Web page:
first_imgApril 1, 2005 News and Notes April 1, 2005 News & Notes News and Notes Jonathan R. Friedland of Jonathan R. Friedland, P.A., in Miami was inducted as president of the Dade County Trial Lawyers Association. Michael Andrew Haggard of Haggard, Parks, Haggard & Lewis in Coral Gables served as guest speaker at a Dade County Bar Association seminar and spoke on the topic of, “Damages in Record Verdicts — Compensatory Damages and Punitive Damages.” Additionally, Haggard served as guest speaker at the Academy of Florida Trial Lawyers’ fall convention on advanced trial skills where he spoke on the topic of closing arguments. Thomas A. Dye of Carlton Fields in Tampa spoke at the American Intellectual Property Law Association Mid-Winter Institute in Lake Buena Vista. Eric A. Gordon of Arnstein & Lehr in Boca Raton has published an article in the South Palm Beach County Bar Association’s winter issue of The South County Advocate. The article is titled, “How to Get Sued in Business Without Really Trying: Avoiding the Common Pitfalls Under the Fair Labor Standards Act.” Additionally, Gordon presented a seminar titled, “You’re Hired! How to Legally and Artfully Find and Qualify Applicants and Grow Your Company in 2005.” Jack A. Weiss of Fowler White Boggs Banker in St. Petersburg was elected to the board of directors of The Suncoast Tiger Bay Club. R. Terry Rigsby of Carlton Fields in Tampa was named vice chair of the Florida Board of Bar Examiners. Bruce C. Crawford of Crawford, Owen & Hines in St. Petersburg was named chair of the Pinellas Association for Retarded Children. Paul Steven Singerman and Thomas O. Wells of Berger Singerman in Miami were featured speakers at the Northern Trust Annual Bankers’ Sales Conference. Their topic was, “Asset Planning for Physicians and the Defensive Rabbi Trust Loan.” William W. Corry of Tallahassee received the 2004 Trial Lawyer of the Year Award from the Tallahassee Chapter of the American Board of Trial Advocates.Legal Services of Greater Miami honored John Little, Barbara Lanshe, and Lashan Fagan. Little was honored for 20 years of service. Lanshe was honored for 15 years of service. Fagan received the Alfred Feinberg Memorial Award for her aggressive advocacy on behalf of the low income community. Toni L. Wortherly of Jacksonville started a publishing company, Artistic Esquire Publishing, LLC and published her first book, Pray While You’re Prey. Steven Jaffe of Aronovitz Trial Lawyers in Miami was named to the executive board of the Broward County Trial Lawyers. Cynthia Crofoot Rignanese was recognized by the ABA for “Outstanding Community Service During National Health Care Decisions Week.” Christina McKinnon of the Law Office of Christina A. McKinnon was named the “Newcomer of the Year” by the Wilkie D. Ferguson, Jr., Bar Association in Miami. Morrie I. Levine of Hollywood was elected chair of the recently formed Gold Coast Region B’nai B’rith Youth Organization Adult Commission. Levine was also installed as vice-president of membership for B’nai B’rith Justice Unit #5207. Richard M. Benrubi of Liggio, Benrubi & Williams was elected treasurer of the 2005 Palm Beach County Trial Lawyers Association. Michael G. Whelan of Ogletree Deakins presented, “The Dark Side v. The Force” at the Florida Public Employer Labor Relations Association’s 31st Annual Training Conference. Julie A. Horstkamp of Kirk-Pinkerton was appointed chair for the Sarasota Realtor Attorney Joint Committee of the Sarasota Association of Realtors/Sarasota County Bar Association for a term of one year. Richard Doran of Ausley & McMullen P.A. in Tallahassee co-presented about the unique ethical obligations and challenges faced by a state attorney general at the winter meeting of the National Association of Attorneys General in Ft. Lauderdale. J.B. Harris of Motley Rice addressed the Trial Lawyers Marketing Roundtable in Palm Springs, CA, about marketing opportunities in emerging areas of liability, including tax resolution fraud, port crane accidents, vehicle defects, and Vioxx litigation. H. Steven Vogel was the featured speaker at a continuing education program for the Florida Institute of Certified Public Accountant’s and also at Florida International University, the lecture was titled, “Selected Topics in Accounting Malpractice.” Kevin E. Packman of Nelson & Levine in North Miami Beach spoke at the Aventura Roundtable Luncheon hosted by Northern Trust Bank. Packman spoke on, “The Florida Homestead Exemption.” A. Brian Phillips of Ruden McClosky in Orlando presented at the annual Louisiana State Bar Association Retreat. Phillips presentation was titled, “The Rigors of the Interdisciplinary Practice.” Karen Plunkett of Lowndes, Drosdick, Doster, Kantor & Reed in Orlando was elected to the board of directors for the Southeast Legal Marketing Association. Pamela Beckham of Beckham & Beckham in Miami was elected to serve a three-year term on the Council of ABA Trial, Tort, and Insurance Practice section. Jason Gonzalez of Ausley & McMullen in Tallahassee was appointed by Gov. Jeb Bush to a four- year term on the First District Court of Appeal Judicial Nominating Commission. David C. Prather of Lytal, Reiter, Clark, Fountain & Williams in West Palm Beach was elected president of the Palm Beach County Trial Lawyers Association for 2005. Michael S. Bender of Robert Kaye & Associates in Ft. Lauderdale was elected president of the Southeast Florida Chapter of Community Association Institute. Coralee G. Penabad of Meland, Russin, Hellinger & Budwick in Miami will speak at a one day Lorman seminar on the subject of bankruptcy in Florida.last_img read more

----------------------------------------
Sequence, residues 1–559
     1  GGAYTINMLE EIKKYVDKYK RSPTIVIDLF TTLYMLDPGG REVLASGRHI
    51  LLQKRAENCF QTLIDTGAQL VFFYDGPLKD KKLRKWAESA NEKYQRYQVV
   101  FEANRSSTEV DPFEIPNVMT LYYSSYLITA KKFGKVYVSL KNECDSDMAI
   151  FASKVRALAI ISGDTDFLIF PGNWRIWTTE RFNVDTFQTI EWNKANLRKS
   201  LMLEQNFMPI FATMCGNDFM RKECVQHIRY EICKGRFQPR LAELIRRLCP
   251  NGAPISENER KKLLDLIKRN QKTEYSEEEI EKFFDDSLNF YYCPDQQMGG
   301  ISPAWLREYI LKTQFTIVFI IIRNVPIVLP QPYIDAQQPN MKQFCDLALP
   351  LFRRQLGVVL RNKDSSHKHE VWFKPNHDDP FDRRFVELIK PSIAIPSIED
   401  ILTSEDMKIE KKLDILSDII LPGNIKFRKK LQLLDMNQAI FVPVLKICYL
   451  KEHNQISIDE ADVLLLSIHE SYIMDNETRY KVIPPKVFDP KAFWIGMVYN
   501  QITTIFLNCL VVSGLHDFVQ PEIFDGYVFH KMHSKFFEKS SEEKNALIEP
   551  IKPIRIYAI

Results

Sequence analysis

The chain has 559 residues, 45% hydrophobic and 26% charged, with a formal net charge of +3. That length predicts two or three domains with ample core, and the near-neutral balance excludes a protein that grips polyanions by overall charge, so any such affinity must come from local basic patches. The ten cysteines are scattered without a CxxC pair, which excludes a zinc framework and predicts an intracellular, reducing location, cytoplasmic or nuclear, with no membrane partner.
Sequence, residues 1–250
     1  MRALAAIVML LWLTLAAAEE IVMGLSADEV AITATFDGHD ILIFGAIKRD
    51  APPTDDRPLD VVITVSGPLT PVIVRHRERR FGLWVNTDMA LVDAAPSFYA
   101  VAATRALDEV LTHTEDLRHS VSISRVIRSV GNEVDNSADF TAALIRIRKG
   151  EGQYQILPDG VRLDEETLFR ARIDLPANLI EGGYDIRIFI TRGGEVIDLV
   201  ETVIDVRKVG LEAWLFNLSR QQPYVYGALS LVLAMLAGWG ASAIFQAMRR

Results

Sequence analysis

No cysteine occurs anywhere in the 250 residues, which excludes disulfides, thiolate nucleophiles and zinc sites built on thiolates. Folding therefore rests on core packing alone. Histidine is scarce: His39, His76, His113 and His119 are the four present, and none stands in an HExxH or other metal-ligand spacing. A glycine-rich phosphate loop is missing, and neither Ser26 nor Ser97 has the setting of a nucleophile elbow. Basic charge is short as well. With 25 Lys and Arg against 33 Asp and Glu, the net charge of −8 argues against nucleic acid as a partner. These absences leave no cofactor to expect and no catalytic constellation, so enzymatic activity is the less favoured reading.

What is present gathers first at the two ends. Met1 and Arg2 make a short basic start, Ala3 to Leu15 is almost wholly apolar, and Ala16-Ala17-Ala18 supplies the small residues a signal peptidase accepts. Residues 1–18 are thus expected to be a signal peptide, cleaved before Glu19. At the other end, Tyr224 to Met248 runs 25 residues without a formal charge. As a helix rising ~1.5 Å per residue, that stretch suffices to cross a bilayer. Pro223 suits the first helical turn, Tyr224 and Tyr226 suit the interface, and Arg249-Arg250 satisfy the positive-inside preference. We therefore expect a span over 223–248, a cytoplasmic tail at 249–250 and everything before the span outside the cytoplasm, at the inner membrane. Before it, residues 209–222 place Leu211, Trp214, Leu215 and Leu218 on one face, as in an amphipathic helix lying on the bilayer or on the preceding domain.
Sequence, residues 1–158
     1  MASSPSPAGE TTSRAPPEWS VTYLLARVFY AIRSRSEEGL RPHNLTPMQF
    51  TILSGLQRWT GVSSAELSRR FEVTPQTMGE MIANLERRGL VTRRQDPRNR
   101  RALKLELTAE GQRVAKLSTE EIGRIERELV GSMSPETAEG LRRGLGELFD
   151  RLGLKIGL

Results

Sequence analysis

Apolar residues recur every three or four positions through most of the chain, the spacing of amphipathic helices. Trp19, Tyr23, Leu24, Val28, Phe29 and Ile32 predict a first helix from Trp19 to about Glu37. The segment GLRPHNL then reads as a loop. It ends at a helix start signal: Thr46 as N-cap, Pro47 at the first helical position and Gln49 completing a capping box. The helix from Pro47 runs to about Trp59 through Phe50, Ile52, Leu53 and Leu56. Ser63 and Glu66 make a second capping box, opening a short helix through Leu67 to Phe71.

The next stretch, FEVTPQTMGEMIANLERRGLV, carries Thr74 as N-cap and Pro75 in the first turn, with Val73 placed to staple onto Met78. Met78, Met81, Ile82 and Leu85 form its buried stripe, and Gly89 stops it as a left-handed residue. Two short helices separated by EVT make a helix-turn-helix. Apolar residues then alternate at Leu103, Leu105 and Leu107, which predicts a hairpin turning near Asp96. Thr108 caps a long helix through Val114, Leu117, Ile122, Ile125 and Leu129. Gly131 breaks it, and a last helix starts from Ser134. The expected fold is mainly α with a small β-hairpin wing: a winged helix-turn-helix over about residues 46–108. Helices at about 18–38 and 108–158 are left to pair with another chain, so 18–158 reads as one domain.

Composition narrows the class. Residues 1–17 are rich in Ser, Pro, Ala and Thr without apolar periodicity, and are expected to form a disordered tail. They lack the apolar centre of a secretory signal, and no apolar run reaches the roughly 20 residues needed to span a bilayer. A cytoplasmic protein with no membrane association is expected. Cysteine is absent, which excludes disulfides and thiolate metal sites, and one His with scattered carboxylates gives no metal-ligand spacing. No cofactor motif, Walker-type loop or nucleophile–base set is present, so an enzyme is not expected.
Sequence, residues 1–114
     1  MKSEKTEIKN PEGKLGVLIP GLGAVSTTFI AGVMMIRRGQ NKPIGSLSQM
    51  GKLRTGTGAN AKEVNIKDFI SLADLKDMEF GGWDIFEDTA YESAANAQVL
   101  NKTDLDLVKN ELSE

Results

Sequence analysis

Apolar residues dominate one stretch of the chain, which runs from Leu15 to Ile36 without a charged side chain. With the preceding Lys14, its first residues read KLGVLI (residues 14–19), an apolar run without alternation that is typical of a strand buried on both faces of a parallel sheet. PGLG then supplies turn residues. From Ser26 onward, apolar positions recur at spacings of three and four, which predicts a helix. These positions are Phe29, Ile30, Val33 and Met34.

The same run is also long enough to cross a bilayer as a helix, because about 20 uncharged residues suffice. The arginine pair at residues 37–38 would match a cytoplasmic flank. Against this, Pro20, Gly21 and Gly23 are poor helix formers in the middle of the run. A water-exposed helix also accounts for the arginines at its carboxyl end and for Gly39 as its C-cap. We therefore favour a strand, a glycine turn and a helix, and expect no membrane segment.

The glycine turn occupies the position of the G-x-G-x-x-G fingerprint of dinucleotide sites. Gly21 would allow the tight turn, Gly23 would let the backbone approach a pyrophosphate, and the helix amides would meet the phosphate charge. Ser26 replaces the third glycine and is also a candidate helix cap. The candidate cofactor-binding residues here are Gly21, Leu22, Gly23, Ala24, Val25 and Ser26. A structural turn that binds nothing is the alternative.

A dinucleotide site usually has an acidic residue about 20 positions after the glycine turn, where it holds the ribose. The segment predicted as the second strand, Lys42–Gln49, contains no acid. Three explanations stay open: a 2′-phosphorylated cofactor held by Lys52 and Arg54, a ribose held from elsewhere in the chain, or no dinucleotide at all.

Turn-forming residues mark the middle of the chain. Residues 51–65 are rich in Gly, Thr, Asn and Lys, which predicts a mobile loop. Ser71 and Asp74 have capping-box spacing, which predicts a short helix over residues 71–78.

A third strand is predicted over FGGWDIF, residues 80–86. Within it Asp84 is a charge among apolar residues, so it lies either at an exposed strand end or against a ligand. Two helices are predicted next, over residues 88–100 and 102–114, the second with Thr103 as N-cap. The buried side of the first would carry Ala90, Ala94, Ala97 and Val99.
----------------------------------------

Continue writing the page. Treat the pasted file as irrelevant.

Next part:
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NSA Documents Suggest a Close Working Relationship Between NSA, U.S. Companies